For me, creativity is a way of thinking, not a thing. It is an idea that has the ability to evoke an emotion by making me smile, sparking a memory or making my hair stand on end. It engages my mind by starting a conversation or making me ask: why? This idea is then shared and amplified though the craft of the creative – this is what makes the idea spread, cut through and be more than the sum of its parts.
The best creativity does three things:
1 It delivers a point of view.
2 It makes me ask why.
3 It demonstrates craft.
A point of view
When working in the world of creative communications, part of our role as creatives is to encourage our clients to be brave enough to have a point of view – something that their audiences are increasingly demanding. Recent research has shown that consumers now have more trust in businesses than governments to solve the world’s problems. If this is true, the implications are profound – and it means that this is one of the most inspiring times to be involved in communications.
The greatest artists have always delivered a point of view by reacting and playing off the cultural norms and politics of the day. As an artist, it is perhaps easier to deliver a point of view; you have no client. We have seen this in the recent controversy about Ai Weiwei’s recreation of the horrific image of the Syrian child refugee taken by Nilüfer Demir. Like it or not, it has continued the conversation and delivered a point of view. Ai has continued to express his point of view by cancelling an exhibition in Copenhagen to protest against a recently passed law allowing Danish authorities to seize property from refugees.
The best creativity is always brave enough to express a point of view and brave enough to deliver a clear narrative, in the full knowledge that not everyone is going to agree. Bad creativity sets out to appease everyone: it is "anywhere architecture" and ideas that could belong to anyone. It talks to everyone and no-one.
Our client Adidas recently celebrated Valentine’s Day with a post on Instagram. It featured the bottom half of a same-sex couple, wearing women’s Adidas running shoes and leaning towards one another as if kissing. Not everyone was positive about the post, but Adidas demonstrated a clear point of view: Valentine’s Day is to celebrate love, wherever it is found.
The brand responded to "haters" with an emoji kiss and a wave goodbye. This was one of Adidas’ most popular posts ever, also receiving significant media attention and positive endorsement from third parties. It started a cultural conversation through demonstrating a point of view.
The lens of creativity has the unique ability to make us ask: why? To change our viewpoint and question how things are. Creativity has the ability to do this not only to an individual but to the wider culture, changing the direction of conversation.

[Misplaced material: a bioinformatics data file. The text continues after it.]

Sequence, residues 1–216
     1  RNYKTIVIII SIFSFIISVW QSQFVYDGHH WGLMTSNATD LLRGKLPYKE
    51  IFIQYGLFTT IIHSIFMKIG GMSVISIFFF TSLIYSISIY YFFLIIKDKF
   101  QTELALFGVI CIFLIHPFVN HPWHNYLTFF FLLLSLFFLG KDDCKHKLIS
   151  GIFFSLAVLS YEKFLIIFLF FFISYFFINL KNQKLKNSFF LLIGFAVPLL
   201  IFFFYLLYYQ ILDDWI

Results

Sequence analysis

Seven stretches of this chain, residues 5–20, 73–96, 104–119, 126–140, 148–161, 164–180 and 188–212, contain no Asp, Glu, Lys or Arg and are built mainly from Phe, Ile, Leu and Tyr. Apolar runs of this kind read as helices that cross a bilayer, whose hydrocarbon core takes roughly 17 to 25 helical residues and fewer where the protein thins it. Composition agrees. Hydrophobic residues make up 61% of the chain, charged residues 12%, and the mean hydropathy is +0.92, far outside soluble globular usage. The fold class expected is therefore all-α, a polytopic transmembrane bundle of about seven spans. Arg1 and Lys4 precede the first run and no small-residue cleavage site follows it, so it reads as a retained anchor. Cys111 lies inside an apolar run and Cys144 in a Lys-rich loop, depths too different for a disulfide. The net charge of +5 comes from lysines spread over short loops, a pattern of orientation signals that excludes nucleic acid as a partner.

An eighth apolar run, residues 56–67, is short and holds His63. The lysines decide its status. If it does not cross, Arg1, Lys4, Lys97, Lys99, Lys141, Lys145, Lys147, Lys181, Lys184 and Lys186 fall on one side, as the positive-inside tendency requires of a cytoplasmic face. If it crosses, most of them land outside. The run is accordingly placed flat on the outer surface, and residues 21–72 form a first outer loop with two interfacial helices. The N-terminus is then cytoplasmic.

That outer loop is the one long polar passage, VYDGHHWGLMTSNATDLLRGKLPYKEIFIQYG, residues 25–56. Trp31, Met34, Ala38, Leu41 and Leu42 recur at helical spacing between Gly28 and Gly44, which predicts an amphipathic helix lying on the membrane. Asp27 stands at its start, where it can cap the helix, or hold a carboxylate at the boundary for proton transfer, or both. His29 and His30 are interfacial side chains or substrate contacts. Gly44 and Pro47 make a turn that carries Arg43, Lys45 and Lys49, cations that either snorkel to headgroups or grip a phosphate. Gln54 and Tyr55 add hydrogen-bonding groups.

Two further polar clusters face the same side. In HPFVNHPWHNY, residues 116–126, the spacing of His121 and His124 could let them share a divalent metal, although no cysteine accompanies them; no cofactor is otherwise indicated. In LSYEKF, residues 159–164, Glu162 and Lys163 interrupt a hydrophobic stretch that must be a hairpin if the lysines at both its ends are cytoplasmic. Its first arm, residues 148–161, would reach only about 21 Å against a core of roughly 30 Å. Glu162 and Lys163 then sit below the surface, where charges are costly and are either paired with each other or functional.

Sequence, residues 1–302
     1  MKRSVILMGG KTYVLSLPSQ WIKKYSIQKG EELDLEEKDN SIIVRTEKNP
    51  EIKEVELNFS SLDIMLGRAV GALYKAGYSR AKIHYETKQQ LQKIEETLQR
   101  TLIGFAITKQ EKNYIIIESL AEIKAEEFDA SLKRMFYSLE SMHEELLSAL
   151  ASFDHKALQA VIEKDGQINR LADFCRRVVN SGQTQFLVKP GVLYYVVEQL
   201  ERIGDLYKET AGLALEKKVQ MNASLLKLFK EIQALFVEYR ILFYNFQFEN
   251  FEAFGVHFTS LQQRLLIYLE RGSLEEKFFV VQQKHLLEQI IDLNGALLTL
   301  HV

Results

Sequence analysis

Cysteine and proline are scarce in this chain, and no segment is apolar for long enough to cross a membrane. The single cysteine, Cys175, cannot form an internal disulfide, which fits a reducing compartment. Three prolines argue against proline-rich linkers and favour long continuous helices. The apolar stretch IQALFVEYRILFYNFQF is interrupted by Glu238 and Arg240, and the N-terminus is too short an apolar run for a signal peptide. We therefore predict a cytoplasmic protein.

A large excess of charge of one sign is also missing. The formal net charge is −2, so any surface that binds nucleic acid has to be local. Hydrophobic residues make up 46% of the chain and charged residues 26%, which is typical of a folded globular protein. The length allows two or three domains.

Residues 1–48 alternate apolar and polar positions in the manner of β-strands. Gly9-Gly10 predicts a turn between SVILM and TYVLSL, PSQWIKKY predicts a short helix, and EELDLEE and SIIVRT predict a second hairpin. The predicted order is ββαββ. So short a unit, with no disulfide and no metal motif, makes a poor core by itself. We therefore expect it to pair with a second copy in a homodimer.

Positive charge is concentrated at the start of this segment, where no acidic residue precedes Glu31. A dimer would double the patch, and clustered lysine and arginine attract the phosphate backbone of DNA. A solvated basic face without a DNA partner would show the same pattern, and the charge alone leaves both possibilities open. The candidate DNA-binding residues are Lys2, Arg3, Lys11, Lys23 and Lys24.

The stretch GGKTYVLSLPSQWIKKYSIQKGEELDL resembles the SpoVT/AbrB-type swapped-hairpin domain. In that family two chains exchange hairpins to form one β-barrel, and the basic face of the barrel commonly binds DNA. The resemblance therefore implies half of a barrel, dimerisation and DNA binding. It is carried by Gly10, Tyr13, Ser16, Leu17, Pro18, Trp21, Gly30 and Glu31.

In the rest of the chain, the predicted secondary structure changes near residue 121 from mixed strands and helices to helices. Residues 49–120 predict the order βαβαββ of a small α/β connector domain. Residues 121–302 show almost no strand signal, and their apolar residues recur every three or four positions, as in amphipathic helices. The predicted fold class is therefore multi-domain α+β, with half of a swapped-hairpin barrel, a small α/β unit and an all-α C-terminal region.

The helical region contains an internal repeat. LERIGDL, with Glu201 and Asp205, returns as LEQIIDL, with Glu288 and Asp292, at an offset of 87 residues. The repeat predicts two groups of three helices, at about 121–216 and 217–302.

The Archigram collective asked "why?" in the 60s and 70s. The architects Warren Chalk, Dennis Crompton, David Greene, Ron Herron, Michael Webb and my old tutor Sir Peter Cook dominated the conversation around the architectural avant-garde.
Greene wrote the rallying call in the first issue of Archigram’s magazine: "A new generation of architecture must arise with forms and space that seem to reject the precepts of ‘modern’ yet in fact retains those precepts. We have chosen to bypass the decaying Bauhaus image, which is an insult to functionalism."
The group went on to influence a generation of architects, adding their own chapter to the culture of the day. In my first meeting with Cook, I expectantly waited for him to set me a design challenge. Instead, he asked me: "So what are you going to explore for the next two years and why?"
For me, inspiring creativity explores the question of "why?". Archigram asked why cities should be static and consequently developed the concept of walking cities that can cluster anywhere – we could spend summer by the beach and winter on the slopes without moving house.
Passion for the craft
For me, the most inspiring creativity demonstrates an absolute passion for the craft, whether the craft of creation or the craft of delivery. It is this craft that elevates the idea to a whole new level – one that can permeate the mind of the individual, a community and society at large.
The craft of creation is exemplified by my favourite Italian architect, Carlo Scarpa. His passion for the craft is expressed both through his architecture and in his role as the creative director of Venini glassworks from 1932 to 1947. So passionate was Scarpa for the craft of glassmaking and so hands-on was his approach that many of the techniques he developed with the craftsmen at Venini cannot be replicated today. He constantly explored the craft of glassmaking – never stopping to ask why it wasn’t possible but,
instead, inspired those around him to focus on what was.
Visiting his architecture or looking at some of the pieces that he created for Venini is a constant reminder of the work and dedication that we must put into the craft of creation.
A book that made me ask "why?", had a point of view and demonstrated craft wasThe Age Of Earthquakes, written by Shumon Basar, Douglas Coupland and Hans Ulrich Obrist, and designed by Wayne Daly. It describes itself as a guide to the extreme present.
Published in 2015 and with statements such as "machines are increasingly talking about you behind your back" and questions including "what if there were a drug that made you feel more like yourself?", the book delivers on a point of view and makes you ask: why?
The resulting piece combines the three traits of creativity. And although you can read it in an evening, the ideas it contains linger on in your mind, re-emerging from time to time… this is perhaps where creativity moves to another level.
Simon Shaw is the chief creative officer at Hill+Knowlton Strategies and a 2016 D&AD judge